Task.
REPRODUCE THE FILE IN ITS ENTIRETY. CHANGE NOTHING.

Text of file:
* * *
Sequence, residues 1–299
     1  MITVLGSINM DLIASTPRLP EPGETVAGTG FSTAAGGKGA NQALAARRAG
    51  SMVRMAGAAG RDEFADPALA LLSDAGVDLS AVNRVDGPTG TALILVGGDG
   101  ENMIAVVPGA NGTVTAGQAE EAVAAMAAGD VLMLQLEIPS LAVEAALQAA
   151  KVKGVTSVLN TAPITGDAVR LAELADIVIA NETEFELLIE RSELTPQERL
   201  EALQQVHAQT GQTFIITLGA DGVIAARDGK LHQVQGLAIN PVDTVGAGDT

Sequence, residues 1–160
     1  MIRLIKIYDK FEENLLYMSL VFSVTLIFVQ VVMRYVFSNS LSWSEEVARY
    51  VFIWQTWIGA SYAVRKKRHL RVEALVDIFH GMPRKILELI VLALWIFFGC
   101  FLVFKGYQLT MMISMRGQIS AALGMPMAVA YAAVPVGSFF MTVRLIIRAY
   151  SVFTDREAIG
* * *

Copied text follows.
Sequence, residues 1–299
     1  MITVLGSINM DLIASTPRLP EPGETVAGTG FSTAAGGKGA NQALAARRAG
    51  SMVRMAGAAG RDEFADPALA LLSDAGVDLS AVNRVDGPTG TALILVGGDG
   101  ENMIAVVPGA NGTVTAGQAE EAVAAMAAGD VLMLQLEIPS LAVEAALQAA
   151  KVKGVTSVLN TAPITGDAVR LAELADIVIA NETEFELLIE RSELTPQERL
   201  EALQQVHAQT GQTFIITLGA DGVIAARDGK LHQVQGLAIN PVDTVGAGDT

Sequence, residues 1–160
     1  MIRLIKIYDK FEENLLYMSL VFSVTLIFVQ VVMRYVFSNS LSWSEEVARY
    51  VFIWQTWIGA SYAVRKKRHL RVEALVDIFH GMPRKILELI VLALWIFFGC
   101  FLVFKGYQLT MMISMRGQIS AALGMPMAVA YAAVPVGSFF MTVRLIIRAY
   151  SVFTDREAIG